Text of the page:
Father August Brabant: Saviour or Scourge?
November 4, 2013
Review By Nicholas May
The numerous European men and fewer women who travelled overseas to spread a particular brand of Christianity among distant peoples in the nineteenth century are a perennial source of interest among scholars — and for good reason. Situated at the intersection of their would-be converts and the expanding societies from which they came with their new offerings and more imperious gestures, missionaries can tell us much about processes like colonialism and cultural encounter.
Jim McDowell aims to offer a critical assessment of one missionary who came to British Columbia with this biography of August Brabant, a Roman Catholic priest from Belgium. Brabant was the first missionary to reside and work on Vancouver Island’s west coast, where he spent thirty-three years among the Nuu-chah-nulth peoples after his arrival in 1874.
Drawing primarily on Brabant’s writings, mainly the account he left of his life’s work which was published in 1900, McDowell succeeds in his goal of providing a rigorously chronological and thoroughly researched account of this missionary. Yet his attempt to make Brabant’s “diary-like style” more engaging results in some quotes that come across quite differently when compared to the missionary’s actual words. McDowell also engages with the relevant ethnographic literature and interviewed the late hereditary Hesquiaht chief Matlahoah (Dominic Andrews) as part of his effort to bring an aboriginal perspective to his study of the priest. This is laudable, as to a great degree stories of missionaries and the peoples who hosted them are inseparable, needing to be told together to be fully understood. Appropriately then, this is also a book about the Hesquiaht, among whom Brabant based his mission.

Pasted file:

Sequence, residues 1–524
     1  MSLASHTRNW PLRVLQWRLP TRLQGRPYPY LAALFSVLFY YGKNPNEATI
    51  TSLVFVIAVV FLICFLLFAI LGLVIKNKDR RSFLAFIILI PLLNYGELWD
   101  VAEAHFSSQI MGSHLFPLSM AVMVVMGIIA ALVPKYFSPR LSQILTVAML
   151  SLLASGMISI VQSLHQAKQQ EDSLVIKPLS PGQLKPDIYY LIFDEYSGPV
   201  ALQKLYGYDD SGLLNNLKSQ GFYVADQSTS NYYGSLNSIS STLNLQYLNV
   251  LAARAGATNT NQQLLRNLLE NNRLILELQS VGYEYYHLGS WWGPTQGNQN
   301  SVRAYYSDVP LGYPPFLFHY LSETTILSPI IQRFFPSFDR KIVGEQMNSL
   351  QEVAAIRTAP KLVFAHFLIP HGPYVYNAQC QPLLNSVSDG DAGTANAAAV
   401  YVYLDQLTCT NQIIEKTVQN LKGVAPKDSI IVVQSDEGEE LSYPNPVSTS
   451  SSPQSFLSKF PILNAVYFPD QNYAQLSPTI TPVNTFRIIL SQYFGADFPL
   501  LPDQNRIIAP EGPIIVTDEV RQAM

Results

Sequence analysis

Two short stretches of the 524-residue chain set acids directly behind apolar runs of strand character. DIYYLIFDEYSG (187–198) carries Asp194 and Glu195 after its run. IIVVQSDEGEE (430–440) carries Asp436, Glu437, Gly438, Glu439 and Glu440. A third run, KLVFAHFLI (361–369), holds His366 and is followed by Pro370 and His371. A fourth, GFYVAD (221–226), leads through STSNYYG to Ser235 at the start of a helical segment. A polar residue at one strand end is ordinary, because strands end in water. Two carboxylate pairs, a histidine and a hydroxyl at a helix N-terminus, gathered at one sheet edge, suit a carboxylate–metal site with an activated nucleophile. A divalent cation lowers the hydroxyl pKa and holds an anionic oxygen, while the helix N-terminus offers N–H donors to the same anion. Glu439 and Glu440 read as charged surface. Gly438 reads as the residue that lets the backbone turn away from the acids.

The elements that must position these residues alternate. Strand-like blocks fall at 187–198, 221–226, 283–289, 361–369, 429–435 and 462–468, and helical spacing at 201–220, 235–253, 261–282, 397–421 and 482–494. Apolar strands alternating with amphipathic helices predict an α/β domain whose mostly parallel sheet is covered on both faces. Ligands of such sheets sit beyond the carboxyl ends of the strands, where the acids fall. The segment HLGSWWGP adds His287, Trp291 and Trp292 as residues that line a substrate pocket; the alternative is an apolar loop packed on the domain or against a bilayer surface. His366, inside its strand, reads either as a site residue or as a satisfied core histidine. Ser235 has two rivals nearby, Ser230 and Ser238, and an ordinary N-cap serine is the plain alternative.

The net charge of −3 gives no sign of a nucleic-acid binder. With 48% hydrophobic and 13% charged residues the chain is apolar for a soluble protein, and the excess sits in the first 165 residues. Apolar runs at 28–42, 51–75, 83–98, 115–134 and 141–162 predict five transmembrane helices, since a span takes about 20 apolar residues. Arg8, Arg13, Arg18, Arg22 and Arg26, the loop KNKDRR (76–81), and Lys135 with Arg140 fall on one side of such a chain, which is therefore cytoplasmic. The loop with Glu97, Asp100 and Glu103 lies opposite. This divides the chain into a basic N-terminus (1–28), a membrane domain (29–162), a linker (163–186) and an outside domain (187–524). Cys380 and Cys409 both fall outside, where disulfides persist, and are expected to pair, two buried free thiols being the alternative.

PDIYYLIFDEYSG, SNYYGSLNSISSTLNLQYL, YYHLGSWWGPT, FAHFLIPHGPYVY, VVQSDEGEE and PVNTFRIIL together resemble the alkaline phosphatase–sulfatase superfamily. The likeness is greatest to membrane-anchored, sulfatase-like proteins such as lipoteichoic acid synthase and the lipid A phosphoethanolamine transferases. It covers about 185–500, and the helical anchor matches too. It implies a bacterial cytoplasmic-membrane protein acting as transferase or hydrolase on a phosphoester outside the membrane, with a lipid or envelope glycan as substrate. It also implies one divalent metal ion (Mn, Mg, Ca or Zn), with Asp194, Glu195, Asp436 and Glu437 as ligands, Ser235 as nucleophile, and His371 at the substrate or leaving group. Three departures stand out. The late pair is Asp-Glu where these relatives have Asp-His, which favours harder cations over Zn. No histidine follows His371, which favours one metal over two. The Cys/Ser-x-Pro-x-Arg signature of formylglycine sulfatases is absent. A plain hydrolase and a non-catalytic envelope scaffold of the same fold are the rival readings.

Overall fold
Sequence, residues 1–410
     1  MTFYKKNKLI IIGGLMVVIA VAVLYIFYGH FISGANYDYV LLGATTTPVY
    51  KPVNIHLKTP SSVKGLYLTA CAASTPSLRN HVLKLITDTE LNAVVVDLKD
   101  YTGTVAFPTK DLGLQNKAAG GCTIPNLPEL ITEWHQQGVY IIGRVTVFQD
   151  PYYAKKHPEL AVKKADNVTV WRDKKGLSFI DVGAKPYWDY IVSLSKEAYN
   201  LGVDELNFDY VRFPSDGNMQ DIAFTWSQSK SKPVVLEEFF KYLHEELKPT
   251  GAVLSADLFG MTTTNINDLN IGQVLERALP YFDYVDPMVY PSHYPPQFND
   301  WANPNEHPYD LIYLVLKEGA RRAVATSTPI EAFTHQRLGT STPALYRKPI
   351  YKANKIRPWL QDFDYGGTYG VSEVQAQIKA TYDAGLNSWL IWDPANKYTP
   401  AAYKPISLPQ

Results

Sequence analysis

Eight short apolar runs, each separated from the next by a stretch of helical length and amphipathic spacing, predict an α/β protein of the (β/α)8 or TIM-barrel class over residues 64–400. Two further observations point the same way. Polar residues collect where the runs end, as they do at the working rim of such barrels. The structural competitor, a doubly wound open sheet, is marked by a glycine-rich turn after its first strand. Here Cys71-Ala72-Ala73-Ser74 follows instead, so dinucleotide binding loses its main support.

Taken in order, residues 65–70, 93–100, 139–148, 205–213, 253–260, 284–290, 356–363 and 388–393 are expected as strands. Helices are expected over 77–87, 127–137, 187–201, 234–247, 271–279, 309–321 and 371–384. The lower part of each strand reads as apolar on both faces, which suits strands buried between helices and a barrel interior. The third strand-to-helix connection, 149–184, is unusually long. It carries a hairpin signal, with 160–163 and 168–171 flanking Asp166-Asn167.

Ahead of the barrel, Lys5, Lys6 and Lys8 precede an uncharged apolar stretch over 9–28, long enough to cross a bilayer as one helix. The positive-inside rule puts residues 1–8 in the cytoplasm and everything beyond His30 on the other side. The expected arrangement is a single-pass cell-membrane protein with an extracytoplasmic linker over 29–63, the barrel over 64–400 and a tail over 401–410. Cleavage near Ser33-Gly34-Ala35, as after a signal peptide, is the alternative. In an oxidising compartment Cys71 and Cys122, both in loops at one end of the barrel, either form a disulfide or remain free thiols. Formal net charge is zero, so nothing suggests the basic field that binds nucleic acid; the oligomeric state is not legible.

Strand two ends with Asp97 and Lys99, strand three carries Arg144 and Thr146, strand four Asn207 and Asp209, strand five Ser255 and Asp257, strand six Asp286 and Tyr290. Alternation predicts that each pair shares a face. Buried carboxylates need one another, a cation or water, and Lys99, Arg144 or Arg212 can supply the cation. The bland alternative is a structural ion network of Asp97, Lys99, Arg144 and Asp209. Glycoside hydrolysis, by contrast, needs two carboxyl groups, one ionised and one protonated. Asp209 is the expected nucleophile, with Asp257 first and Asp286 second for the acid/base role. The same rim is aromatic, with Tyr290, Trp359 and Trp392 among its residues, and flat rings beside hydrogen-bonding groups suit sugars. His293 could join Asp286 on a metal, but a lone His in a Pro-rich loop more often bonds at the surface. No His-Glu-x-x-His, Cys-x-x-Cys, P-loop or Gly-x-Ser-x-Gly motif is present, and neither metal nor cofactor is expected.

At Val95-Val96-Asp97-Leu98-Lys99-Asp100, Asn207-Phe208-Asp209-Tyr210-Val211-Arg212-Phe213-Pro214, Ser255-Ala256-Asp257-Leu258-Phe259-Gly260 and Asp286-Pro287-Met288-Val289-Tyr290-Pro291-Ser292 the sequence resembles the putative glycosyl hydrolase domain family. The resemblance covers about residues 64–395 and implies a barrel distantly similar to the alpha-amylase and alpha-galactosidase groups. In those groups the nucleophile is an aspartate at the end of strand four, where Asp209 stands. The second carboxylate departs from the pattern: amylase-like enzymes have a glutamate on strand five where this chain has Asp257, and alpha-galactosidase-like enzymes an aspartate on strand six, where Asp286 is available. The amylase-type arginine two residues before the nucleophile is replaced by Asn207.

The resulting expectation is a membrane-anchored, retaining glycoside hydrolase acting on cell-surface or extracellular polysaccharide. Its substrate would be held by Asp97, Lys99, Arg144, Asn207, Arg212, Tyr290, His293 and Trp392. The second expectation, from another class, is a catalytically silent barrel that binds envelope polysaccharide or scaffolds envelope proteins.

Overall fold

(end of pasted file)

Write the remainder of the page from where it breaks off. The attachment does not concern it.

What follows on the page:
The Hesquiaht response is largely one-dimensional in McDowell’s telling, embodied in Chief Tawinisam, who led a sustained battle to resist Brabant’s attempts to reform his people. Their engagements are largely reactive, and their at least nominal conversion even inevitable, being “a small price to pay” for some relief from the disruptive social and economic changes the Hesquiaht were experiencing (310). Despite evidence in the book of varied interest and responses within Hesquiaht society to aspects of the Christianity offered, McDowell sees their Christianization only as an indication of missionary domination and Hesquiaht capitulation to it.
McDowell’s primary concern, however, is to critically assess the missionary, which he does through the stark propositions of the book’s subtitle. In this binary the author clearly places Brabant on the side of scourge. Brabant in his ignorance pushed for changes that were destructive of Hesquiaht culture, including the residential school he helped found. McDowell repeatedly notes where the missionary failed to see parallels between his own and Hesquiaht spiritual practices and beliefs that are evident to us today. Yet examples appear in this book that invite a more complex, even intriguing picture of the missionary. While Brabant attacked some native practices, he was ambivalent about others, notably the potlatch (153); on one occasion he disappointed his visiting bishop with an underwhelming reception because he “thought it would be hypocritical to make the Hesquiahts turn out and act as Christian Indians do elsewhere,” when they were largely unconverted (249).
Indeed, McDowell’s sharp judgement seems to foreclose exploration of these and other potential paths into a deeper understanding of Brabant. It also runs the risk of perpetuating the myth of the missionary as a freestanding individual who acted out his agenda on hapless natives, largely immune to the larger social and cultural matrix in which he lived. The contribution of this book lies less in its attempt at a definitive assessment of a noteworthy colonial figure, than in the way the detailed story McDowell provides might spur the reader to think about the complexity and ambiguities of nineteenth-century missionary encounters in British Columbia and beyond.
Father August Brabant: Saviour or Scourge?
By Jim McDowell
Vancouver: Ronsdale Press, 2012. 350 pp. $24.95 paper.